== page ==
This morning, we find ourselves dealing with a very difficult topic. Right up front, I want to tell you this: I have committed to what’s called expository preaching. What that means is, a commitment to preaching through particular books or portions of the Bible as they are arranged by the Holy Spirit. Why do I do this? For one, I want to follow Paul’s dual commands to “preach the Word” and to preach the whole counsel of God. As a result of this, I will guard against the tendency of my own flesh to skip over passages that may been seen as overly controversial. This has happened a number of times, and God has always blessed and honored our times together because we have preached and received his Word, no matter how difficult.

This morning, as God’s providence would demand, we will be talking about “Why Does God Care About Marriage?” So if you would, turn with me to Matthew 5:31-32:

“It was also said, ‘Whoever divorces his wife, let him give her a certificate of divorce.’ But I say to you that everyone who divorces his wife, except on the ground of sexual immorality, makes her commit adultery. And whoever marries a divorced woman commits adultery (Matthew 5:31-32, ESV).

Jesus here deals with this area with a great deal of seriousness. And by and large, the church of Jesus Christ has dealt with this seriously as well. But there are ways to deal with something seriously. How so?

In this area, our breed of churches tends to deal with the doctrine of marriage and divorce seriously. We hold the authority of God’s Word seriously and with great gravity. But for all too many, they would say they love God but the love of neighbor is decidedly missing. As a result, someone who holds to God’s commands seriously metes out judgment on those who do not. There is a risk of coming at this with such moral superiority in this area that no one looks deeper.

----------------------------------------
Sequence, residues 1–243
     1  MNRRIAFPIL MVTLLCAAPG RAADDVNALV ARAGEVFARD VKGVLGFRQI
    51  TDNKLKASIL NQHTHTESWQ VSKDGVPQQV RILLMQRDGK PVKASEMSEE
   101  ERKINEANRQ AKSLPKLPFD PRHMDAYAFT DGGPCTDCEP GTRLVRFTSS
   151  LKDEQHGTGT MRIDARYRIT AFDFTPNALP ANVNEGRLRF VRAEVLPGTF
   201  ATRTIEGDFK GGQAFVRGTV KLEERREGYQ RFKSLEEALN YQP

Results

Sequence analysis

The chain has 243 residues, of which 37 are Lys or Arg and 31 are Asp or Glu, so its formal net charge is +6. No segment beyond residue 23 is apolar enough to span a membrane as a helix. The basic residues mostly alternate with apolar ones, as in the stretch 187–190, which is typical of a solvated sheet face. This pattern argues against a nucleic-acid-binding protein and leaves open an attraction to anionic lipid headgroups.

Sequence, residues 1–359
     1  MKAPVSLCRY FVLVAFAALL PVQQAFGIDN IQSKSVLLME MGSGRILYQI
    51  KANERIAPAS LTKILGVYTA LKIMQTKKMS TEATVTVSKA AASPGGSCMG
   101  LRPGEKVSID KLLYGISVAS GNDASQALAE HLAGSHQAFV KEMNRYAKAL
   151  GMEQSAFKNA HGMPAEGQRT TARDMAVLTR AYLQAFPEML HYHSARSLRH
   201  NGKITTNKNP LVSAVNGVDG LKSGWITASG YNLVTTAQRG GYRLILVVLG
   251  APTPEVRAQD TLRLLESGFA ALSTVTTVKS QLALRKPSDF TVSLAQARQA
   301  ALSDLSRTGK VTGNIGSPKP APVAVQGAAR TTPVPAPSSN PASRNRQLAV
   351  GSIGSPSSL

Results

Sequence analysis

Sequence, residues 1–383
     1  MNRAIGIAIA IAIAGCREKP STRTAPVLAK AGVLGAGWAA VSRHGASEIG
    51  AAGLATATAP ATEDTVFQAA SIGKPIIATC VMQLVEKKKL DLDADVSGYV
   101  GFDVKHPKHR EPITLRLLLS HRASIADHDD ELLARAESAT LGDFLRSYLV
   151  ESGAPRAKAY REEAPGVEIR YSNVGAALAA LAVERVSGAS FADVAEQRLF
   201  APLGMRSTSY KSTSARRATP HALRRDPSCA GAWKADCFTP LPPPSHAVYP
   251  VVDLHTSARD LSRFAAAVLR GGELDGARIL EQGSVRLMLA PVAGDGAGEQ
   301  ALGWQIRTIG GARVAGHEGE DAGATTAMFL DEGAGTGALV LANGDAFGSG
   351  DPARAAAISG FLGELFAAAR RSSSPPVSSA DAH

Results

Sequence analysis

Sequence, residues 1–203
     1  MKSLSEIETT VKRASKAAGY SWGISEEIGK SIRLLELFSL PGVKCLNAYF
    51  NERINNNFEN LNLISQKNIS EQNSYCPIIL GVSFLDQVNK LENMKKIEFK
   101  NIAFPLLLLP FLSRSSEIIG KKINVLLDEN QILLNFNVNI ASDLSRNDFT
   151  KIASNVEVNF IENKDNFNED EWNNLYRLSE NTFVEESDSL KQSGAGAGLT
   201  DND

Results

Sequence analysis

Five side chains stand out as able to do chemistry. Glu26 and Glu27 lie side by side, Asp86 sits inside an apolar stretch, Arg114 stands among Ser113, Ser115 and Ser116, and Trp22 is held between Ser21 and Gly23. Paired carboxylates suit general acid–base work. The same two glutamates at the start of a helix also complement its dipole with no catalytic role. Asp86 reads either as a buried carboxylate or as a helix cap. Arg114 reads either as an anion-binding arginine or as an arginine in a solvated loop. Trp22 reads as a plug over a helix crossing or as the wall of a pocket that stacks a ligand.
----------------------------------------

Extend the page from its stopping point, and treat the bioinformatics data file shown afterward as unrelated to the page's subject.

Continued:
There’s another way to look at it seriously. You can look at this in a way that balances the clear commands of Christ with loving and showing compassion on those who are victims of divorce. We must not only take God’s Word with determined seriousness, but also take those whom he created seriously. Paul’s exhortation to speak the truth in love (Ephesians 4:15) cannot be ignored or dismissed.

Some of you sitting in this place have gone through the horrors and the pain of divorce. On the pain scale, divorce actually is more painful than any other event or experience — even more so that the death of a loved one. Some of you may have initiated the divorce because of marital unfaithfulness or even abuse on the part of your spouse. Our hearts break for you, for there is nothing worse than losing the trust of one you love. Some of you may have initiated this because you felt you didn’t love your spouse anymore. My prayer is that you will see that love is not relegated to a feeling but to a commitment, a steadfast love in much the same way that Christ steadfastly loves his church. Some of you here may be the victim of a divorce — you tried and tried and did everything you could, but they refused to. Our hearts go out to you and we pray you will come to Christ for healing and cling to him as your all in all, as one who will never leave you nor forsake you.

The point of this sermon is not, “Four Ways to Have a Happy Marriage,” but is this: how can Christ be Lord of my life even when all around me may try to take control of my heart and mind? And given this, why does God care about our marriages? What are they about? Are they just civil contracts dictated by the state, or is there a connection with the soul as well?

(Tomorrow: God Gave Marriage From the Beginning)

A Great Way To Propose (Congratulations Kenneth and Kellyn)

In Church Life on May 2, 2008 at 6:08 pm

Kenneth and Kellyn started coming to our church about two years ago. Kenneth decided to make an “announcement” at their weekly CRU meeting.